Regarding the duty to exercise reasonable care, skill and diligence, the court noted that the law does not superimpose more specific obligations as to what is, or is not, reasonable in certain circumstances. It requires directors to manage a company’s business with an open mind and have regard to a range of competing considerations. It is partly for this reason that courts are ill-equipped to question the merits of directors’ decisions. The question the court has to decide is whether the decision falls outside the range of decisions reasonably available to directors at the time.[12]

Compliance with foreign judgments

Lastly, ClientEarth contended that there is a duty for directors to take reasonable steps to comply with court orders of which they are aware.[13] ClientEarth alleged that the directors breached their duties by failing to comply with the Dutch Order.

Again, the court disagreed. The nature and extent of Shell’s directors’ duties are governed by English law (the law of Shell’s incorporation), and there is no established English law duty (separate from directors’ general duties) requiring directors to take reasonable steps to ensure that a foreign court order is obeyed.[14]

(b)        Breaches alleged by ClientEarth

Having defined the duties of Shell’s directors, the court went on to consider whether these duties had been breached. The court found that ClientEarth had not made out a prima facie case that Shell’s directors are in breach of their duties, and, on that basis, dismissed the application.

The court examined again the evidence relied on by ClientEarth, mainly two witness statements, one by a senior lawyer employed by ClientEarth and another one by a partner at a law firm.[15]

The court accepted that a prima facie case had been established that Shell faces material and foreseeable risks as a result of climate change which have or could have a material effect on it.[16]

However, ClientEarth would need to demonstrate a prima facie case of actionable breach of duty by the directors in their management of those risks.[17] The court considered that the evidence adduced by ClientEarth was insufficient in this respect.[18]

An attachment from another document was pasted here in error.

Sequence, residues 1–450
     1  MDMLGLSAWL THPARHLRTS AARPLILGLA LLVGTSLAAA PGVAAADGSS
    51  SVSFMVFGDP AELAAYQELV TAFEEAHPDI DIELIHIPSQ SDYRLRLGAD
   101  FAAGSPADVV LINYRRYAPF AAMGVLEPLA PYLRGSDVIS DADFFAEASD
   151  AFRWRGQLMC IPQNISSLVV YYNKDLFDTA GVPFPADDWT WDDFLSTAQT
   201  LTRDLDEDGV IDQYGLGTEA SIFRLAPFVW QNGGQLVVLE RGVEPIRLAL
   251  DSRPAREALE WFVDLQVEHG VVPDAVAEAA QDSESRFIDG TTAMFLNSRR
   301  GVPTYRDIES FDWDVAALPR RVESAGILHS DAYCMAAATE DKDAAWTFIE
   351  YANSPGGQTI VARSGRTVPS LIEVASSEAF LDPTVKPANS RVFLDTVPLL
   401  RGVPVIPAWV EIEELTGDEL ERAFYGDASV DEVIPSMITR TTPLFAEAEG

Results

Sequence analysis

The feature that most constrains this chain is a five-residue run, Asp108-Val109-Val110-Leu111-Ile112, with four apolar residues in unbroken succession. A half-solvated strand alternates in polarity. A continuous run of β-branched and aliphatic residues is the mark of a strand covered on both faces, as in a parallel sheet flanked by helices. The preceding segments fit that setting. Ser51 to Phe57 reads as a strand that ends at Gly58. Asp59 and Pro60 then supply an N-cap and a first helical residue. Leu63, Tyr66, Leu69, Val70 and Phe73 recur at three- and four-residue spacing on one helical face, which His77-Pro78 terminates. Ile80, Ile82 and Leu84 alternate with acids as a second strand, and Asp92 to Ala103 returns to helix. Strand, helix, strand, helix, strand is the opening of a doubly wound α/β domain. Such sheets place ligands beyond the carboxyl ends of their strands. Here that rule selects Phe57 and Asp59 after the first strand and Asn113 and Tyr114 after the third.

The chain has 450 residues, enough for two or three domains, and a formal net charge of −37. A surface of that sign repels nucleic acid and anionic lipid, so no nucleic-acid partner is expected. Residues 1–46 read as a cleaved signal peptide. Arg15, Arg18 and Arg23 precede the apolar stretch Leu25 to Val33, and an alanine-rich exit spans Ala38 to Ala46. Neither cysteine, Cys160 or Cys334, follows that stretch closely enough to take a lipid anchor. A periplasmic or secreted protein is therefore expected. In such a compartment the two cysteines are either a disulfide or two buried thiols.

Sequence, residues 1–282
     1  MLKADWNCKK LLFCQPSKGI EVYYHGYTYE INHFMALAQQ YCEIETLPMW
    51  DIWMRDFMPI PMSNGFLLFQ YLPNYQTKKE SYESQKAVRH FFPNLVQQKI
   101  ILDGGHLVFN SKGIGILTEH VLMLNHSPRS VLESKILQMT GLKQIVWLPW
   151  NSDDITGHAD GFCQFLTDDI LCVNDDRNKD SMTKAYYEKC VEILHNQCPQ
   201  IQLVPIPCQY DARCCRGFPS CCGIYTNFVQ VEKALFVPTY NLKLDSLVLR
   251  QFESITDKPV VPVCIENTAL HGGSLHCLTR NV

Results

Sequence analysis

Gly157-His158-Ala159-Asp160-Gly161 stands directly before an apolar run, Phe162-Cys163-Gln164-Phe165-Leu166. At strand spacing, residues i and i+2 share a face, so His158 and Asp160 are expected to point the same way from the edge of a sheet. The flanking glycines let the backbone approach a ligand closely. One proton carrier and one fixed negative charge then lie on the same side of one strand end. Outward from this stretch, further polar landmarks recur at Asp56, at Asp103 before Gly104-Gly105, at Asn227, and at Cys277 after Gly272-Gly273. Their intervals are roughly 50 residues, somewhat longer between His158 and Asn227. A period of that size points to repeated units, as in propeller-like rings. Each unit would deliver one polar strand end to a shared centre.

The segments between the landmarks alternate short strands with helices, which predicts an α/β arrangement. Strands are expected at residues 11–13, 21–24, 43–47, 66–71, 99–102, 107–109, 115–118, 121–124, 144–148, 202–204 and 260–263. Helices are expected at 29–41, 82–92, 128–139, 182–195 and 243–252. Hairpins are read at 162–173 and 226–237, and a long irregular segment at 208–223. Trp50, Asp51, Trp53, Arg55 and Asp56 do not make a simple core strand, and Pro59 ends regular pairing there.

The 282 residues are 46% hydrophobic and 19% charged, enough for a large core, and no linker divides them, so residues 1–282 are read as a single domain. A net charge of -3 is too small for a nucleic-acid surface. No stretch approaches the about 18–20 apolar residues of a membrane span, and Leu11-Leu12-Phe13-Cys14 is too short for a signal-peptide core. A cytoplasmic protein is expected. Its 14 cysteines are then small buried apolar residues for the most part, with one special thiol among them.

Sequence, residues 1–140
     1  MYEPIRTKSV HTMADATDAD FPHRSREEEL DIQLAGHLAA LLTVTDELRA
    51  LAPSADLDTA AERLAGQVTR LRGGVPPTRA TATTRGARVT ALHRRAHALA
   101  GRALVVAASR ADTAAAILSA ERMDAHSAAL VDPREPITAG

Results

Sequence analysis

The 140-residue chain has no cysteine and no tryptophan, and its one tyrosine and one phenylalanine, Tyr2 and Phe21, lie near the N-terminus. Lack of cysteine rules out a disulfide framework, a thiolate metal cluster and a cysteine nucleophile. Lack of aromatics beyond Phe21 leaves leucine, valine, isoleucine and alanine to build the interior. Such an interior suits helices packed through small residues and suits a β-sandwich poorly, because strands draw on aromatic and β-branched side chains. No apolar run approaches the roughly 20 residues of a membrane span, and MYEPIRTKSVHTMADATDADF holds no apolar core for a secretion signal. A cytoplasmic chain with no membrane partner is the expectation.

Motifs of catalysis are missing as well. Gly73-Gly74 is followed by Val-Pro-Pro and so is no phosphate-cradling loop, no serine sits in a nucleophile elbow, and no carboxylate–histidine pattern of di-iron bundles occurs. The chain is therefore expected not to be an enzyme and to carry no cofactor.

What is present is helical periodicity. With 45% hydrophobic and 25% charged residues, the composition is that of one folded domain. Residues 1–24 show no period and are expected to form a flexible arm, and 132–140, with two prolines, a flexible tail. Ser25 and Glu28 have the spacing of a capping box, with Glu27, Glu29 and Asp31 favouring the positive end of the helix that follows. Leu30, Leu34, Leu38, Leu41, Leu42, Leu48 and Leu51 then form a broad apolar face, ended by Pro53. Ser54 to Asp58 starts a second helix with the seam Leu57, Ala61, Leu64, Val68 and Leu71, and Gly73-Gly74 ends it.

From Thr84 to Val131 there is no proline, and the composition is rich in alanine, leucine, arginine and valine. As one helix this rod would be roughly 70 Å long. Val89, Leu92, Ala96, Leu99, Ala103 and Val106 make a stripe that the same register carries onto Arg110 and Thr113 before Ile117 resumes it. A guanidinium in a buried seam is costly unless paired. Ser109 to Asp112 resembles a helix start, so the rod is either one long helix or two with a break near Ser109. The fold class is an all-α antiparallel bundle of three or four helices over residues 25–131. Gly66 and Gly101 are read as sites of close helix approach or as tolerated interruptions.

Specifically, ClientEarth pointed to the financial risk to Shell’s long-term viability, given value destruction of its fossil fuel business and, in particular, stranded-asset risk.[19] The court held, however, that the evidence ClientEarth adduced did not qualify as expert evidence on which a court could properly rely.  In addition, it did not establish a case that Shell’s directors were acting unreasonably,[20] even though ClientEarth pointed out that the directors had not presented a realistic approach to achieve Shell’s own transition goals.

With regard to the first point, the court emphasised that the case ClientEarth advances (i.e., breaches by directors of their general duties under the CA 2006) are of a “very serious nature”, and, accordingly, that it is not possible for ClientEarth to establish a prima facie case to this effect without properly admissible expert evidence.[21] The court drew an analogy in this respect with allegations of breaches of duties by professionals, which courts may in certain circumstances strike out unless expert evidence is adduced.[22]

The court further noted that the evidence did not support a prima facie case that there is a universally accepted methodology as to the means by which Shell might be able to achieve the targeted reductions. Given the decision-making autonomy the law affords to directors on commercial issues, that meant that there was no prima facie case that the way in which Shell’s business is being managed by its directors could not properly be regarded by them as in the best interests of Shell’s members as a whole.[23]

A further reason for dismissing ClientEarth’s application was the following: given that the directors did in fact consider climate risk (by adopting an energy transition strategy), ClientEarth would have needed to show how the directors have gone so wrong in their balancing and weighing of the various considerations in the management of Shell’s business that no reasonable director could properly have adopted the approach that they have.[24] In the court’s view, ClientEarth failed to do so, which the court considered a “fundamental defect” in ClientEarth’s case. The court reached this conclusion despite ClientEarth’s submission that, on the evidence adduced, the directors had not presented a realistic approach to achieving Shell’s transition strategy.

Dutch Order

The court also rejected ClientEarth’s allegation that Shell’s directors breached their duties by failing to take reasonable steps to comply with the Dutch Order.

The court placed emphasis on the Dutch court holding that “[Shell] has total freedom to comply with its reduction obligation as it sees fit, and to shape the corporate policy of the Shell group at its own discretion.”[25] From this passage, the court inferred that the Dutch court (i) did not consider Shell to currently be acting in an unlawful manner, and (ii) recognised that it is a matter for Shell as to how it exercises its discretion. The court thought that this cuts across any suggestion that the Dutch court regards Shell’s directors “as being under any duty to Shell to take steps towards compliance with the Dutch Order in any manner other than through compliance with their duties to do that which they consider in good faith would be most likely to promote the success of Shell for the benefit of its members as a whole in accordance with s.172 of CA 2006”.[26]